Adzic: It helps to paint a target on the wall that everyone can see. Many teams suffer from a misalignment problem where some team members get accused for nit-picking and slowing down delivery, and others get blamed for rushing too quickly and not caring about quality. Unless those people have a common definition of what the word quality means for them, any discussions on improving it will be subjective and often turn into personal arguments. When there is a globally agreed target, whatever it is, it’s much easier to get on with real work and decide if something needs more work or if it is good enough.

Evans: Tom Gilb is well known for arguing that any aspect of quality can be quantified if you try hard enough. He says “Quantification, even without subsequent measurement, is a useful aid to clear thinking and good communication”. That’s the idea I like, especially as it separates quantification (being able to express something in terms of quantities) from measurement (finding an actual value of a quantity at a point in time).

Too many times we hear well-meaning stakeholders talk about the importance of good quality, but as Gojko says, the problems start when those responsible for delivering and assessing good quality don’t have a common basis for what it means in practice, and everyone ends up feeling disappointed.

InfoQ: Another idea is about documenting trust boundaries. Can you explain why it matters to balance trust levels when testing large and complex systems?

Adzic: When multiple teams work on the same piece of software, there is a lot of potential for information falling through the cracks at team boundaries. Although it might be a pessimistic thing to say, for many organisations today that’s the reality. People within a team have a higher level of trust and higher bandwidth communication than with people from other teams. When two teams depend on each-other to deliver, the responsibility for identifying cross-team problems or influences is often left undefined, and people start making huge assumptions about the work of the other group. That can lead to a lot of duplicated work across teams, for example one team testing what the other teams have already sufficiently de-risked. It can also lead to a lot of unjustified trust, where a problem with one piece of the puzzle has a cascading effect and causes issues for many teams. Without a clear agreement, different people on a single team will probably take different approaches towards inter-dependent work.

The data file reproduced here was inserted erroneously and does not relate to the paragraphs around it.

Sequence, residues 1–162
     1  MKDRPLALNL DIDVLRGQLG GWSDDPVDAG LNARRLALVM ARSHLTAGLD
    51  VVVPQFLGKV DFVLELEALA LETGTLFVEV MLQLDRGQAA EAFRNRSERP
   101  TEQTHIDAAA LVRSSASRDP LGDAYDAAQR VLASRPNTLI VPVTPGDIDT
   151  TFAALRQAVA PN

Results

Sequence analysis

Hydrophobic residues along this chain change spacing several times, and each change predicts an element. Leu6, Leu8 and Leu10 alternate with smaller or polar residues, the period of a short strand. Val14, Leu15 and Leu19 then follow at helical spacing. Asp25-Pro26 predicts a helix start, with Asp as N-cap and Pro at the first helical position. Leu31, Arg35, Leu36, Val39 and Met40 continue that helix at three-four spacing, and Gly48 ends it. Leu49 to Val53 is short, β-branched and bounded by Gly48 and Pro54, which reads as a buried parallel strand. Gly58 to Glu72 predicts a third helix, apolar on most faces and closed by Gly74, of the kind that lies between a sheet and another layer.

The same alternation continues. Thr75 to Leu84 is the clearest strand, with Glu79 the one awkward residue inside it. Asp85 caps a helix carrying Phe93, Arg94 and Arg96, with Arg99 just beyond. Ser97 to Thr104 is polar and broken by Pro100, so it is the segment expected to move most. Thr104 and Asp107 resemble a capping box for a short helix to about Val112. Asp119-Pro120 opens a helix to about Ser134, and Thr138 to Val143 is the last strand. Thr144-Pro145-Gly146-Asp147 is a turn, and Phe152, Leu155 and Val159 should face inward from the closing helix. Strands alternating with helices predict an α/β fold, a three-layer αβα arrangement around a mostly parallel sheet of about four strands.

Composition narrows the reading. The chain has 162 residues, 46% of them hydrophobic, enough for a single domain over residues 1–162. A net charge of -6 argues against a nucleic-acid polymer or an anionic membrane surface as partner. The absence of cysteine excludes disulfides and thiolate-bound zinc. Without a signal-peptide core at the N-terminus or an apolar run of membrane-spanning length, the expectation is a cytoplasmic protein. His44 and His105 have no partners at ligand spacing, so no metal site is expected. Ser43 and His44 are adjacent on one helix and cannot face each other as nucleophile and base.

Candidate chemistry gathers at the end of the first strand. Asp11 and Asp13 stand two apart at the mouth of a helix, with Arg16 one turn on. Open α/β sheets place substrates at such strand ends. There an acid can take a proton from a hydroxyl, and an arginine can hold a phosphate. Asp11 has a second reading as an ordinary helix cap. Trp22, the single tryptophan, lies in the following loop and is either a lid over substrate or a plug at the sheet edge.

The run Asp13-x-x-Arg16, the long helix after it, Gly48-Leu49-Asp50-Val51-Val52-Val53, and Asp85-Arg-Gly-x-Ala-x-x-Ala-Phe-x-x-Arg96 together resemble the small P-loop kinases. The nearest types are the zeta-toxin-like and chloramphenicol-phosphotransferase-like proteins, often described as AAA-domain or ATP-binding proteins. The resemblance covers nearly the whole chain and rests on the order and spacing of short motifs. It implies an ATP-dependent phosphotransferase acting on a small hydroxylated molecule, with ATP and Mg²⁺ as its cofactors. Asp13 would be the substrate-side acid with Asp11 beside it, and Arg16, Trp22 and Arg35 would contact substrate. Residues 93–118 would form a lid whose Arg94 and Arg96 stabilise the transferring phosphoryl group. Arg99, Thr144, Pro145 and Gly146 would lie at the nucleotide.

The idea about documenting trust boundaries helps people within a team agree on how much they trust the others, so they can at least coordinate work internally. One person won’t rush ahead by blindly believing a dependent piece of work to be great if other people on the team know about potential problems. On the other hand, if the team agrees that they can trust something, people won’t waste time testing edge cases around that component.

Documented trust boundaries serve another purpose: they help to divide problems into expected (that can be checked by automated tests) and unexpected (that are inconsistent with current trust boundaries). Teams can focus most of their automated testing investment on de-risking expected integration problems, and run exploratory tests to try to violate trust boundaries and look for unexpected problems. If a documented trust boundary gets violated, then a whole range of assumptions that people made around that boundary needs to get revisited.

Evans: I think that covers it.

Roden: Hahahaha, never let Gojko answer a question first :-)

InfoQ: The idea "contrast examples with counter examples" explains how testers can come up with scenarios where the new functionality does not apply, which they can consider for testing. Can you give examples using this tip from teams that you have worked with?

Adzic: Counter-examples are valid cases that can and will often happen, they just aren’t the completely happy path that everyone focuses on. I’m sure David will pick up on this more, but counter-examples make the primary examples clearer because they show contrast with important stuff. A few examples that all talk about happy cases is like using white text on a light background - difficult to grasp quickly. Adding good counter-examples is like changing the background colour to black, so that the white text stands out clearer.

Evans: That’s exactly it, the contrast of examples against counter-examples, of foreground against background, is what gives us a sharper picture of what we are trying to test or understand. Counter-examples are not about scenarios that should not happen, but valid scenarios that lie at the ‘edges’ of the behaviour under test.

In a team I was working with recently we needed to add a handling fee when certain types of payment cards and transaction types were used. We had lots of examples showing correct calculation and display of the fees under different situations. But it was equally important to show examples of what happens when no fee applies. Report layouts, payment summary messages, email and SMS receipts would all be different depending on whether a fee was or was not applied. The ‘no fee’ cases were counter-examples that contrasted against the ‘fee’ examples. 

Roden: I’ve always liked the light and shade imagery that David extols with example and counter-example. Part of the clarity of this idea for me is that you don’t need a massive set of examples to illustrate the behaviour under test, in fact quite the contrary.  A small set of each provide better contrast than a mass of tests that jumble the key behaviours. Supplementary tests are fine, but think of keeping the small few as the key examples for acceptance.

InfoQ: You mentioned in the book that automating manual tests is almost always a bad idea. Can you explain why?

Evans: It is a fairly common syndrome that an organisation or team launches into test automation as a way of saving test execution time, especially if they have a large manual regression suite, only to find that they are worse-off than they were before. The naive approach is to do something like record-and-replay automation of the existing tests. This just creates all sorts of new problems, and any saving in execution time is quickly eroded by a growing maintenance burden.